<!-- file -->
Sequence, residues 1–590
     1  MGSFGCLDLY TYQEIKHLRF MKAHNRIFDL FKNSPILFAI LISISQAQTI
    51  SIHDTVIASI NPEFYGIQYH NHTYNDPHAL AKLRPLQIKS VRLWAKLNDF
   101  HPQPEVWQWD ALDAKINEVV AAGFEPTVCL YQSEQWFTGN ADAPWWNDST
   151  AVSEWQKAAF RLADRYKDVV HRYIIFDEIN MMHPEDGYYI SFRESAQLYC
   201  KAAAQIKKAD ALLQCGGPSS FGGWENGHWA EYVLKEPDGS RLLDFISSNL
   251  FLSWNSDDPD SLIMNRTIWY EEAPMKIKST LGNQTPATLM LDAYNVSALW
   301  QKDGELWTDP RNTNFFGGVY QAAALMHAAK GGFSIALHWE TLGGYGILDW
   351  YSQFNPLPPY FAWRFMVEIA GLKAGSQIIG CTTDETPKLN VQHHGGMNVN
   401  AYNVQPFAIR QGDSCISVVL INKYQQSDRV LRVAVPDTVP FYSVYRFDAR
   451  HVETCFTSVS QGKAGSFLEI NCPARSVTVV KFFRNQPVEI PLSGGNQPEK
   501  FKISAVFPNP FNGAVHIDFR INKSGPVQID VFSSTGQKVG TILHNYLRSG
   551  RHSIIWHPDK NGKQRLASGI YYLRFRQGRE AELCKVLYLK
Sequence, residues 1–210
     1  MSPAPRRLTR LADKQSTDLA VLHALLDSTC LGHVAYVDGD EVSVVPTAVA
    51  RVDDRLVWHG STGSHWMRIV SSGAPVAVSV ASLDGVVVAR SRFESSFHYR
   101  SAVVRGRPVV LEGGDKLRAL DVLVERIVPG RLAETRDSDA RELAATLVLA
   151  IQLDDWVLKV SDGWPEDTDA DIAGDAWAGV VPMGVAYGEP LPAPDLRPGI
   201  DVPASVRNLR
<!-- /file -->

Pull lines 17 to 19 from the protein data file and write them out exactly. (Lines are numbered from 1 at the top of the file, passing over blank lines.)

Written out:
   101  SAVVRGRPVV LEGGDKLRAL DVLVERIVPG RLAETRDSDA RELAATLVLA
   151  IQLDDWVLKV SDGWPEDTDA DIAGDAWAGV VPMGVAYGEP LPAPDLRPGI
   201  DVPASVRNLR